What is CBT?

CBT stands for Cognitive Behavioural Therapy. 

It is a recommended psychological therapy for the treatment of many mental health difficulties. 

The cognitive part refers to the role our thought processes play in guiding how we feel and behave.  When we think negatively we are more likely to experience negative emotions, in turn we will change our behaviour to try and cope with these thoughts and feelings.  However the way we think, feel and behave interacts in such a way that we can easily become stuck in a negative cycle that keeps problems going or even makes them worse.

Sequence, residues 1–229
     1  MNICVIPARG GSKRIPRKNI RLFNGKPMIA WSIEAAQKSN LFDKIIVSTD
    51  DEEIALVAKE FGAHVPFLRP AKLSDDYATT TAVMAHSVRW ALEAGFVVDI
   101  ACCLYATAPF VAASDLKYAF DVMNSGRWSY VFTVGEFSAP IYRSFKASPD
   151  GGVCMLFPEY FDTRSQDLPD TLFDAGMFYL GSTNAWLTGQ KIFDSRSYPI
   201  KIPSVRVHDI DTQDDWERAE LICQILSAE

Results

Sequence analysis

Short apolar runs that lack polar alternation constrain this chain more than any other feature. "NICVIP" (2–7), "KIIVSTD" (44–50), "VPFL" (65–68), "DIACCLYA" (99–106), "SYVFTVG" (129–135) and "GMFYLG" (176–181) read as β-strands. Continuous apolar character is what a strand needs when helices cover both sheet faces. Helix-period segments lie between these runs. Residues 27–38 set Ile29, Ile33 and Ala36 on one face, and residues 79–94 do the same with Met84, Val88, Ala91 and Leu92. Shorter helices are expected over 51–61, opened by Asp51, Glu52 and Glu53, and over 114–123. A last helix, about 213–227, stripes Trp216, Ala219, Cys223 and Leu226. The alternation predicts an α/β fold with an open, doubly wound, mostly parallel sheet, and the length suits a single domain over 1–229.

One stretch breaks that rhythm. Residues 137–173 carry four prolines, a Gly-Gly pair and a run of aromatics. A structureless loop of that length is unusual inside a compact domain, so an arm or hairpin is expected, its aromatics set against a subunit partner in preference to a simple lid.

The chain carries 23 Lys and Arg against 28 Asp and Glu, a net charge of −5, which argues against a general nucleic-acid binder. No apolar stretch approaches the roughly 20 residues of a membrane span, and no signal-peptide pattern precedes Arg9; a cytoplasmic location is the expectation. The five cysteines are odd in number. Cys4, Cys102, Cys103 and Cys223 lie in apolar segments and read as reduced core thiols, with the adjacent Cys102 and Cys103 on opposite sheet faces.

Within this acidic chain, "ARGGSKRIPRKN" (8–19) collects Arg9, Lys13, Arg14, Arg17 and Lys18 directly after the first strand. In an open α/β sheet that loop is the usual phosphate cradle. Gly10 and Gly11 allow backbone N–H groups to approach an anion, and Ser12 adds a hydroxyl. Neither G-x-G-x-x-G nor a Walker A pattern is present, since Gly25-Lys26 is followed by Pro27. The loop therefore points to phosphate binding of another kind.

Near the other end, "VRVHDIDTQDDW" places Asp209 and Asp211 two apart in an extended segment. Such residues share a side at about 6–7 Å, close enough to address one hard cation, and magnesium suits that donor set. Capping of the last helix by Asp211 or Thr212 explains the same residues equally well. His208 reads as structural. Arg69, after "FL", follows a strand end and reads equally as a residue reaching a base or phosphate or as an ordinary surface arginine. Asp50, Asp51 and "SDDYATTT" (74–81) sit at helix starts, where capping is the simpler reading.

CBT helps by supporting you to address your main difficulties, challenge and change unhelpful thoughts and behaviours and adopt healthier ways of thinking and behaving with the ultimate aim of helping you break free from the negative cycle and overcome the difficulties you are experiencing.

To find out if CBT can help you feel better

When can CBT help?

CBT is based on lots of research that shows it can help with a whole host of difficulties. 

It is recommended and used within the NHS to address the following:

Depression

General Anxiety / Worry

Low self-esteem

Social Anxiety

Health Anxiety

Performance Anxiety

Panic Attacks

OCD

Trauma

Phobias

Anger

Sleep problems

Perfectionism

Pain Management

This is by no means an exhaustive list! The approach of CBT is utilised for a variety of problems to help people feel better.